Rugby Union: Morris withdrawal rocks England: Bristol's untested Bracken steps into scrum-half spot against formidable All Blacks

Click to follow
The Independent Online
AN AIR of gloom settled over the England camp yesterday as Dewi Morris's congested chest forced his replacement at scrum-half against New Zealand tomorrow by a new cap, the Dublin-born Kyran Bracken, while the All Blacks were naming an unchanged team.

This was nothing personal against Bracken. On the contrary, the 22-year-old Bristol law student has everything Morris has and more, with the critical exception of experience. But injury has so disrupted England's selection and preparation that they seem to be wondering how on earth they can win.

'I'm looking forward to the Budget more than playing New Zealand,' Geoff Cooke, the team manager, said yesterday, knowing that both events would be taxing. 'It's certainly not ideal, but we've just got to get on with it. We can't not turn up.'

As for 'I Vow To Thee, My Country', which the band will play at Will Carling's request as England take the field, Cooke wondered about that too. 'Perhaps it should be 'I Pray To Thee, My Country', shouldn't it, Will?' he enquired of his captain.

If Carling did not quite subscribe to the gallows humour, he sounded fairly grim as well: 'We've been expected to win in the Five Nations and this time we're not favourites. But in our own hearts we have to believe we can do it.'

Morris's withdrawal, along with that before selection of Jeremy Guscott and Martin Bayfield, has reduced to seven the English contingent from the Lions' second-Test win (and third-Test defeat) against New Zealand five months ago.

The only problem for the All Blacks remains Matthew Cooper's groin strain. Laurie Mains, their coach, was so confident of his place-kicker's fitness on Tuesday that he indicated it was virtually definite he would play. By yesterday, Mains was rating Cooper's chance no more than 50-50.

Should the worst happen, Eroni Clarke would come in at inside-centre and the kicking duties would be handed to who else but the 20-year-old Jeff Wilson, who scored three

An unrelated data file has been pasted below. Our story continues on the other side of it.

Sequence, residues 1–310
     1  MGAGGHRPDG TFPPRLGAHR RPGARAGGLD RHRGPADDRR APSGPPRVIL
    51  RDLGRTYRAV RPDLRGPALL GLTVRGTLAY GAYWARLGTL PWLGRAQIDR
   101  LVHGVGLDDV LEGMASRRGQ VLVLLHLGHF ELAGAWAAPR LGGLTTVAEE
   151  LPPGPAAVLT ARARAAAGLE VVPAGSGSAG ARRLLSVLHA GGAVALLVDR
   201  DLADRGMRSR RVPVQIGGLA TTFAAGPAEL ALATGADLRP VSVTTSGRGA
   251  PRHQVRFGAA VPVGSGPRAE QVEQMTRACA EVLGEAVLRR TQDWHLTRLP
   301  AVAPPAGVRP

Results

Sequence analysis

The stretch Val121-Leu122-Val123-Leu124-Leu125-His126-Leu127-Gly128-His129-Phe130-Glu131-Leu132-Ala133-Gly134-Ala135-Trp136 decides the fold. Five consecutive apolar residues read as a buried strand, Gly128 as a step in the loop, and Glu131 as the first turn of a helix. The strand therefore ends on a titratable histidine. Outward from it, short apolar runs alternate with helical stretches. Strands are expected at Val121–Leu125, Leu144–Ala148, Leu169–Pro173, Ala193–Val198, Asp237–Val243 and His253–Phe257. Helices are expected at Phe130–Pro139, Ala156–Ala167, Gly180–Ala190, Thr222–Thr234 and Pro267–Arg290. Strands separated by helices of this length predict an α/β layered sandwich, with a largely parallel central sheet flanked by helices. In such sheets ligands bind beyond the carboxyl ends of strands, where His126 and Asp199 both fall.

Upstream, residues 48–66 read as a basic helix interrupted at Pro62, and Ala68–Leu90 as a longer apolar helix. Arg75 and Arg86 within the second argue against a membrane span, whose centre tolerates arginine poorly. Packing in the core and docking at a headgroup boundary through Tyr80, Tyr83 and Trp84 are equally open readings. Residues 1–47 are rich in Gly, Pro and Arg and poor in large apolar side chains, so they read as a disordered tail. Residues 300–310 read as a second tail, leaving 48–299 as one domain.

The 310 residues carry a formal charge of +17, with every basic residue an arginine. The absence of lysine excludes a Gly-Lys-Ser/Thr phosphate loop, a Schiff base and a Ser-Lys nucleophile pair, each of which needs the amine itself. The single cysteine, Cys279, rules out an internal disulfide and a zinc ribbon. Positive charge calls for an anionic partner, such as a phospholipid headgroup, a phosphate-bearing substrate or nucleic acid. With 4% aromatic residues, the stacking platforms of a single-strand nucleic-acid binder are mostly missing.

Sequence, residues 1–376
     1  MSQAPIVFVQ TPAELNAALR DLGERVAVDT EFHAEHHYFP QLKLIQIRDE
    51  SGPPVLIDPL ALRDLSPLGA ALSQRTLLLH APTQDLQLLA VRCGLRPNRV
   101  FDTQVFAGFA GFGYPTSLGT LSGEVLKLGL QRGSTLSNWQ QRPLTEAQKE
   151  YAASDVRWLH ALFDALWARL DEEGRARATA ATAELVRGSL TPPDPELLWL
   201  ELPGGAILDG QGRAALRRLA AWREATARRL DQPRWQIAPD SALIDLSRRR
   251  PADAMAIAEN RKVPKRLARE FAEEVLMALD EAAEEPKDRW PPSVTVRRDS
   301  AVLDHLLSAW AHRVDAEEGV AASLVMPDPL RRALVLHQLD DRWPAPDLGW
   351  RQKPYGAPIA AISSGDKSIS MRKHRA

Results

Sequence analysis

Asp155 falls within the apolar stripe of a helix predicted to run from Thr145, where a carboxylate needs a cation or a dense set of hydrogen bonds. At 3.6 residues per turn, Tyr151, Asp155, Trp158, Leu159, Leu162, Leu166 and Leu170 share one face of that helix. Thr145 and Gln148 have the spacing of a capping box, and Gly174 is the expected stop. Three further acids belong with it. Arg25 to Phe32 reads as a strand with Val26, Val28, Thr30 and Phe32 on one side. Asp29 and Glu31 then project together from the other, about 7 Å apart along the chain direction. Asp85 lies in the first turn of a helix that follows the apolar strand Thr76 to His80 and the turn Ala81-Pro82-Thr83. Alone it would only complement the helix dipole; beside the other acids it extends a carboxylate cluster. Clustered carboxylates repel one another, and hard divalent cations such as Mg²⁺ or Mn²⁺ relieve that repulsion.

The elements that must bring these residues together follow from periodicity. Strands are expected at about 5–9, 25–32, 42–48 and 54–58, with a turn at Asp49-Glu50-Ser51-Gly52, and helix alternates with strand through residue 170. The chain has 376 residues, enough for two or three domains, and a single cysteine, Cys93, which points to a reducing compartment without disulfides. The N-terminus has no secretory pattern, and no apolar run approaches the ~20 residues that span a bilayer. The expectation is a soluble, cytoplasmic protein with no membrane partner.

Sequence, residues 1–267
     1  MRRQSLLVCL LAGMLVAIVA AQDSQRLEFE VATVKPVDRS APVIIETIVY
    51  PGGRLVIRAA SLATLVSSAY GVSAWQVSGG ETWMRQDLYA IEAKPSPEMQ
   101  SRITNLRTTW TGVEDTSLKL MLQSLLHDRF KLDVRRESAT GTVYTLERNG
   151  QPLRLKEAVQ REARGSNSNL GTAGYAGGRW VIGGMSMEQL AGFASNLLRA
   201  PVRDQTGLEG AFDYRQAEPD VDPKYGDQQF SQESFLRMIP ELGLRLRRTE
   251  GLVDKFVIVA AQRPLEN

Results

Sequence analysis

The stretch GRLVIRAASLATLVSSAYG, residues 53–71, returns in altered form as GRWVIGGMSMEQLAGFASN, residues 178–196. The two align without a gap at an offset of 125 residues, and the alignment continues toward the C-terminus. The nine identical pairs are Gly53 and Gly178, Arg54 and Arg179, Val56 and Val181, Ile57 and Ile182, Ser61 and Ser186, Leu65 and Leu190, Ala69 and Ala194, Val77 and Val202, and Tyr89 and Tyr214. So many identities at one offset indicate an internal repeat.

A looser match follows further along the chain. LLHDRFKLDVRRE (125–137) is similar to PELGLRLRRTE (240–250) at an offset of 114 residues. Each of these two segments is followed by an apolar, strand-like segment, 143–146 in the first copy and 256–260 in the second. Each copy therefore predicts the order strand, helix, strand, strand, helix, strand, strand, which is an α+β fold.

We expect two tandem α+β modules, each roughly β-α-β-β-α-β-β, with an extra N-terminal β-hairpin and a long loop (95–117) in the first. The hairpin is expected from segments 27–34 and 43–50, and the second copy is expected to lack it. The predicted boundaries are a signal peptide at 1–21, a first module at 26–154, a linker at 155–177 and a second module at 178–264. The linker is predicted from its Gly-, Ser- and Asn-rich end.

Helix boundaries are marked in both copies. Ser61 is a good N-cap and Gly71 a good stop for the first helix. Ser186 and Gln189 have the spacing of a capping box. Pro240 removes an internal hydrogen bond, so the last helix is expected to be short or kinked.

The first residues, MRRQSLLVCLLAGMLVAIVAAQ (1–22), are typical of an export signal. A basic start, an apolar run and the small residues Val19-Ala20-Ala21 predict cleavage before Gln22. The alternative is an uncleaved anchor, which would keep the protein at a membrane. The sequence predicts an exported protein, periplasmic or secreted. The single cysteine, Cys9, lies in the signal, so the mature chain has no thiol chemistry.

debut tries against Scotland last Saturday.

Though of Irish birth and parentage, Bracken has never aspired to play for the land of his father and mother. He moved to Liverpool at the age of two, was educated at Stonyhurst College in Lancashire and subsequently represented Jersey at tennis.

'I have Irish blood in me but I've never seen any reason to change,' he said. 'My commitment is to England, where I've played all my rugby.' Bracken has had Irish approaches but playing for England at Under-16, Under-18, Under-21, student and A- team level as well as in both non-cap Tests in Canada last summer has definitively established his loyalty.

Still, there is something ironic in England's replacing a Welsh-born scrum-half with an Irish-born one, though this is nothing new for Bracken since his chance in Canada occurred only when another Welsh-born player, Steve Bates, dropped out. At least Matthew Dawson, who has come on to the bench, was born in England. Birkenhead. That's near Wales and Ireland, isn't it?

NEW ZEALAND (v England, Twickenham, tomorrow): J Timu; J Wilson (both Otago), F Bunce (North Harbour), M Cooper (Waikato), V Tuigamala (Auckland); M Ellis, S Forster (both Otago); C Dowd, S Fitzpatrick (capt), O Brown (all Auckland), S Gordon (Waikato), I Jones (North Auckland), J Joseph, A Pene (both Otago), Z Brooke (Auckland). Replacements: E Clarke (Auckland), J Preston (Wellington), B Larsen (North Harbour), P Henderson (Southland), M Allen (Taranaki), N Hewitt (Hawke's Bay).

England's Clark Kent, page 39

(Photograph omitted)